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Published: 1995-03-19

Carambola fruit, Averrhoa carambola, also known as “star fruit” has gone from an obscure, inexpensive fruit in the U.S. to an exceptionally expensive “yuppie” fruit. When sliced, the star shape makes it popular on top of fruit salads, added to stir-fried vegetables, dried, or as a decorative addition to desserts. Most people in southern Florida who have tasted the old dooryard seedling trees find the fruit too sour to be of interest. They are usually amazed to taste the new, sweet grafted varieties. Since carambola bears at a young age and produces one of the heaviest crops of any small tree over a long season, the good varieties are great dooryard trees. 

We wondered what would happen if ECHO sent out seed taken from fruit of one of the superior trees. Would it give fruit just like the parent, or would the fruit be sour and unappealing? To find out, we planted seven seeds taken from the commercial yellow Florida variety ‘Arkin.’ The great variation in shape and flavor is such a good demonstration of why people prefer grafted fruit trees (where every tree is like its parent) that we have left the entire planting to use in our educational program.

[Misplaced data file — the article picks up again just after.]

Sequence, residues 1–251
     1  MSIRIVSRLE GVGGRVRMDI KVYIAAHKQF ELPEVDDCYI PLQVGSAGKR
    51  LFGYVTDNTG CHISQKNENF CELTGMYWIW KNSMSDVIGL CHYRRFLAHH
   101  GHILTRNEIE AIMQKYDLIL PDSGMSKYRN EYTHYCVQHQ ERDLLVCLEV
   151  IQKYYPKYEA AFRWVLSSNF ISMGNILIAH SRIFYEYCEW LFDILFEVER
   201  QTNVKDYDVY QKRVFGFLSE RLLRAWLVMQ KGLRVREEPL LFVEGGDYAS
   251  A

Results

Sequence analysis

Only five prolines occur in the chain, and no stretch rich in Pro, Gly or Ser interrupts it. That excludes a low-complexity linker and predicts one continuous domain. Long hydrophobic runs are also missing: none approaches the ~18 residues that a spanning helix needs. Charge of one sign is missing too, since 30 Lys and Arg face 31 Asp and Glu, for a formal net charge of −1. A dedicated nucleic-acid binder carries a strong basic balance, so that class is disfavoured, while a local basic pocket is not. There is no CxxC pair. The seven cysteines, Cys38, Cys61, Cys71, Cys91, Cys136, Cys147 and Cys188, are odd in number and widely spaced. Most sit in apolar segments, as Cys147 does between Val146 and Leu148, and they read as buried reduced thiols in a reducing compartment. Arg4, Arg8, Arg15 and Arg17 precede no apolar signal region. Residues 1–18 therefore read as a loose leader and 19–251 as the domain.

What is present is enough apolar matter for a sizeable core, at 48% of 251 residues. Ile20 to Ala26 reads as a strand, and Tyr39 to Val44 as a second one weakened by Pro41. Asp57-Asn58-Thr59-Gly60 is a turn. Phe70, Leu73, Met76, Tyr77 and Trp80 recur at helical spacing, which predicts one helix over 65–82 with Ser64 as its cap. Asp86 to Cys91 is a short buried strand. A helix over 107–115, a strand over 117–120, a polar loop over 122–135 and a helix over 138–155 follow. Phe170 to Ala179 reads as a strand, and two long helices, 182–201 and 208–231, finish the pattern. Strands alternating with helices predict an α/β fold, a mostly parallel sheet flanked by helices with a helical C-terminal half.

Trees began to produce fruit in 2-3 years. Four give orange fruit, but on three it turns from green to nearly white, to pale orange as it ripens. Two of the orange-fruited trees are very sour, one is moderately sour, and the other is sweet. Two of the light-colored fruits are slightly sour with fair flavor, but we think that one tastes as good as or better than commercial varieties. (It will not become a commercial variety because the ideal commercial shape here is long with short “wings,” which are less likely to be damaged in shipping. All these seedlings were shorter and had longer wings than the commercial varieties.) Several are good enough to leave for fruit production. 

If you do not have sweet carambola in your country, you may request a packet of seed and we will send seed when available. Seeds reportedly cannot be stored, so we will probably send them in moist peat moss. They may be germinating by the time they arrive, so plant at once. You will probably find that you like fruit from some trees very much and some not at all. You may even find one that will be so good it will become a new variety for your country. (At ECHO we graft our best varieties to limbs of trees with sour fruit.) 

ECHO’s interns tell us carambola is one of their favorite juices. They remove any green tips on the “wings” (which can have an off-flavor) and mix with some kind of citrus juice and sugar. Dr. Julia Morton warns that the content of oxalates is so high that the fruit should not be consumed in large quantity. The less sour varieties have less oxalic acid.


Cite as:

ECHO Staff 1995. Will Carambola Trees Come True to Seed?. ECHO Development Notes no. 48